Ms Salters:
We will write to the Committee with more detail on that matter. The Serious Organised Crime Agency is a UK-wide body, and it operates under the law that is set in each jurisdiction. Therefore, whether it is the criminal law in England and Wales, Scotland or Northern Ireland, SOCA must operate within the legal frameworks that are set in those jurisdictions. The Assembly will set the framework for Northern Ireland, and SOCA will have to operate in that framework. We can provide the Committee with further details in writing.

Mr May:
You were correct that responsibility for the Organised Crime Task Force is among the powers that we envisage being devolved with justice and policing functions. SOCA is a UK-wide body, which will have a regional office in Northern Ireland, but its accountability will continue at national level. Arrangements are already in place in Scotland for managing the different arrangements there. As Clare said, we will write to the Committee with details, but we envisage a similar arrangement in Northern Ireland.

The Chairperson:
Mr McFarland raised a useful point, and, perhaps, the Committee will discuss it later. The Committee should examine the situation in Scotland, because there are parallels and lessons that could be learned. However, I do not know to what extent the Northern Ireland Office has examined that situation.

Mr Attwood:
Although it is not a matter on which the Committee must decide now, I want to know how you envisage the NIO engaging in dialogue with the Committee. Will it be occasional, or will you be prepared to bore into the issues with the Committee in a very dedicated way, if that were required? I want to know the extent of your offer and whether, for the sake of argument, you would be willing to bore into that work every week.

With regard to the devolution of policing and justice, can you provide a briefing on current North/South co-operation on policing-and-justice matters, and confirm whether that will continue to operate in the same way after the devolution of those matters, or whether the Executive will make decisions on North/South policing-and-justice matters?

Mr May:
On North/South co-operation, I will say briefly that co-operation on policing-and-justice matters between the two jurisdictions will continue until those matters have been devolved. After they are devolved, the accountability arrangements will change because the British-Irish Intergovernmental Conference is not responsible for devolved matters. Co-operation will then be taken forward under the auspices of the North/South Ministerial Council. The structures that were set up by the intergovernmental agreement on criminal justice co-operation could be maintained under the new accountability arrangements. However, that will be a matter for the Minister responsible for justice and the Northern Ireland Executive.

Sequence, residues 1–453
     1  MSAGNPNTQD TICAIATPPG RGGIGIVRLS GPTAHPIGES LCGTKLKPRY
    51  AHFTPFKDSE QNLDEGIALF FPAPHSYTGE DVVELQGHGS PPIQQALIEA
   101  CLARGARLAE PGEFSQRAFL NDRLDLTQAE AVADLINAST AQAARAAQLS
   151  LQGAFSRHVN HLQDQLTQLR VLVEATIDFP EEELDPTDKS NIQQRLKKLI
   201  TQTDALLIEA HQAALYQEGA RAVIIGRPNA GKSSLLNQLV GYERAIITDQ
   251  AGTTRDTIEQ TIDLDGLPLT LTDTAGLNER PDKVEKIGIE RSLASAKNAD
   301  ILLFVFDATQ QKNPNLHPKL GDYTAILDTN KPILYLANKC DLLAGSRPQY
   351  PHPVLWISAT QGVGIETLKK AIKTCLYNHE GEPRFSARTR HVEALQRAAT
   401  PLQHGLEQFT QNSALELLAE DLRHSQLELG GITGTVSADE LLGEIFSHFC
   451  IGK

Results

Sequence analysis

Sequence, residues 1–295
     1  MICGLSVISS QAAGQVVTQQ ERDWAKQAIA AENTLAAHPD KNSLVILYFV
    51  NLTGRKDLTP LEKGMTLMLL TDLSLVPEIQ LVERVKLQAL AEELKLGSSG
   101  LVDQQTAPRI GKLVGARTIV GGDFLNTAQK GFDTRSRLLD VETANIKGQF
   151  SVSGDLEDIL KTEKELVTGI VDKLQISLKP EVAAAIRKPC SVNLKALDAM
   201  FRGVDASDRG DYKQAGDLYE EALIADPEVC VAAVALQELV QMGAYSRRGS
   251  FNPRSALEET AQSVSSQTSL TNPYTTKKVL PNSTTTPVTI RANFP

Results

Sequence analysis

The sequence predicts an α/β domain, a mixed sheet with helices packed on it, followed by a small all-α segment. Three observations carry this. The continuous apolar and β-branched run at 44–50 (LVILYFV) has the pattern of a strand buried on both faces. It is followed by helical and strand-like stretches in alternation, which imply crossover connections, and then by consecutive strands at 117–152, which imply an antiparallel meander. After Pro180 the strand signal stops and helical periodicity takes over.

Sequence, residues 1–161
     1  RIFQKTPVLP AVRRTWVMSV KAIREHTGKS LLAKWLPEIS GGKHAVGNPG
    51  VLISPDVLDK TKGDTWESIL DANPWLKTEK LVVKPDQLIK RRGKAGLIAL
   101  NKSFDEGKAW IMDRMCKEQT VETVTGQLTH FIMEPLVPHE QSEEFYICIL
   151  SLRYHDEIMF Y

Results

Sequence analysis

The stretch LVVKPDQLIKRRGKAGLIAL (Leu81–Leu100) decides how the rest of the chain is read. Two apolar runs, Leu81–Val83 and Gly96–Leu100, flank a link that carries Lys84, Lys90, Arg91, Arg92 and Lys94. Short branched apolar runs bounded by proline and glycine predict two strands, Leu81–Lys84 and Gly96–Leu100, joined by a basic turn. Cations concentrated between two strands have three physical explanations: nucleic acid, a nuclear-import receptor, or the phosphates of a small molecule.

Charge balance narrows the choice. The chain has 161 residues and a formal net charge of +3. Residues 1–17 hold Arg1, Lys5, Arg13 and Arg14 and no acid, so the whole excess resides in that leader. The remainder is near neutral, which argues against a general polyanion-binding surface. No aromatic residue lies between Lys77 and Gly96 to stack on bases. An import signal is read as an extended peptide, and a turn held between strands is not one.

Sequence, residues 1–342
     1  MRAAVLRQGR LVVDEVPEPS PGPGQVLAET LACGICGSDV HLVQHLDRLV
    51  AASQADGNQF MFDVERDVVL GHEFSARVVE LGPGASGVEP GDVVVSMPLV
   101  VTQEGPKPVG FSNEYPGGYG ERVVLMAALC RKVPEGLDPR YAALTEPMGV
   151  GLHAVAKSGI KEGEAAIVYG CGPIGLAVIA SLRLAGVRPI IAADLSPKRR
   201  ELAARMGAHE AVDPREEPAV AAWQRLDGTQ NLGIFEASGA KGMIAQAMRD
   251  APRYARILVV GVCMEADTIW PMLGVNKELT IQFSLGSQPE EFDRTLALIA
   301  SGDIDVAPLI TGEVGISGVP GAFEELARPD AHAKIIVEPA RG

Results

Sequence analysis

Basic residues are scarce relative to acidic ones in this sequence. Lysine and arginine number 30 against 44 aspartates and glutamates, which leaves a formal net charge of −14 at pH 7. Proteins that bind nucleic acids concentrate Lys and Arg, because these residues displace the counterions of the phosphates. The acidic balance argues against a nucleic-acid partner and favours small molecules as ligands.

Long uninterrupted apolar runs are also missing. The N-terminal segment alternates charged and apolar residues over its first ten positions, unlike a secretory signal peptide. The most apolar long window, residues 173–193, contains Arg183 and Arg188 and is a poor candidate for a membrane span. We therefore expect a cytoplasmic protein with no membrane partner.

Mr Attwood:
So, on the day that those matters are devolved, there will be no North/South criminal justice co-operation, as there would have been on the previous day when the matter was reserved by the British Government?

Mr May:
Clearly, it falls under the auspices of the North/South Ministerial Council, not those of the British-Irish Intergovernmental Conference.

The NIO has already signalled a willingness to work with the Committee and to explore in more detail the issues that it has indicated, through the Secretary of State, to be those that it believes are part of the Assembly’s fundamental remit. The NIO is, therefore, happy to work with the Clerk and others to organise that work in the most appropriate way.

Mr McFarland:
Mr Attwood and I were members of the first Northern Ireland Policing Board. An event occurred around 18 months or two years ago. Mr Attwood will recall that, out of the blue, there came a criminal justice agreement between Dublin and London, and difficulty arose over how to take cross-border co-operation forward. As I recall, the parties were not given sight of it.

Some legislation was put in place, which, I believe, suggested that civil servants in both jurisdictions would develop a criminal justice cross-border co-operation agenda. In the letter that you will write to Mr Attwood or to the Committee, will you identify what good work has been done in the interim by the NIO’s group of civil servants who were set up to advance that agenda?

Mr May:
I am happy to do that.

The Chairperson:
There are no more questions. I thank you, Mr May and Ms Salters, for being present with your team. The Committee appreciates your willingness to co-operate with it and to assist it in its work. It would be useful if you were to indicate to the Secretary of State that, in due course, the Committee hopes to hear from him as well.